A Moose for Dad

Leier Doug
Doug Leier

By Doug Leier, NDG&F Dept.

My dad is proof of a couple different truths held when it comes to big game hunting in North Dakota. You don’t get drawn for a license if you don’t apply, and if you do apply, make sure you are prepared for the hunt in all aspects. Pretty fundamental.

In 2016 after more than 30 years of applying, dad drew a moose tag. At the age of 72, he had enough time to prepare, scout and hunt and successfully harvested a nice bull moose.

Don’t get me wrong, there’s a level of success in “drawing” a tag. Going hunting and enjoying North Dakota outdoors during fall is a “success.” The moose is the icing on the cake.

So, if you want a chance at a moose, elk or bighorn sheep in North Dakota in 2017, the deadline to submit an application is March 22.

Year in and year out, I field many calls and emails about the odds of drawing a license. Regardless of the odds, I try to make sure that interested hunters are aware of the time and resources that are usually necessary to have a successful hunt.

Too often, I hear stories about people whose thrill of beating the odds and receiving one of these once-in-a-lifetime licenses turned to disappointment the following fall when the effort required for success was more than they expected.

Many hunters tend to equate these special big game hunts with deer hunting, because that’s what most of us know. With the exception of some landowners who live within certain moose and elk units, none of us get to hunt moose, elk or sheep more than once. We don’t get to go the first time, learn on the go, then come back much better prepared the next time we get the same license.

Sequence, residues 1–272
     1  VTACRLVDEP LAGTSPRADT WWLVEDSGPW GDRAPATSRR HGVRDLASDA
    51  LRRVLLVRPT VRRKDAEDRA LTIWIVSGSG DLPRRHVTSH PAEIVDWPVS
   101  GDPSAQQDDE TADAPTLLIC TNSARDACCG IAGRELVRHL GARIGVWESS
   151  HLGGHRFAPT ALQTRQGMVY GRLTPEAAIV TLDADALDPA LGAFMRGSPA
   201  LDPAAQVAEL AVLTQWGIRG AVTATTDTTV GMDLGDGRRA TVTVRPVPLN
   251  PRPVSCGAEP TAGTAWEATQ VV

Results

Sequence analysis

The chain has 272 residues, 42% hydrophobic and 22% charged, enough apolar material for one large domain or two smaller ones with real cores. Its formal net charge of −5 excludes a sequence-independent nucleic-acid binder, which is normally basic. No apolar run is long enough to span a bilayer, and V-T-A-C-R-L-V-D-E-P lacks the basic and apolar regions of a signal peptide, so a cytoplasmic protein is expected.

030817 ND moose
The opportunity to hunt moose in ND is a once-in-a-lifetime experience due to limited tags. (NDG&F Photo)

To make a “big three” hunt truly a once-in-a-lifetime experience, a potential hunter needs to be willing to devote considerable time and energy. Many hunters do just that, making pre-season trips to their unit, visiting with landowners to line up potential places to hunt and allotting plenty of potential hunting time.

Because of that, success rates for North Dakota sheep and moose hunters are high, and elk success is better than in many other states.

My point in all of this is to help potential applicants understand they need to be willing to prepare for a long and difficult hunt. Success is not just measured in filling a tag. As with most things in life, you’ll get out of it what you put into it.

Each year, I’m sure many people apply for moose, elk or bighorn sheep licenses who don’t consider at all if they’ll have time to commit to pre-hunt scouting and take leave from work and put time in during the hunt.

I’m not trying to scare people away from applying for one of these licenses, but it is important to honestly assess your own situation and ask yourself if you’re ready for the commitment, should you draw one of the big three.

And even then, the only guarantee is that receiving a license means you have the opportunity to hunt. The rest is like the weather. We try to predict it, but the variables are usually so complex you never know exactly how it’s going to pan out, but I can attest for one veteran hunter, it all paid off in the end. Good work Dad.

More details on the “big three” seasons, and online applications, are available at the North Dakota Game and Fish Department website, gf.nd.gov.

 

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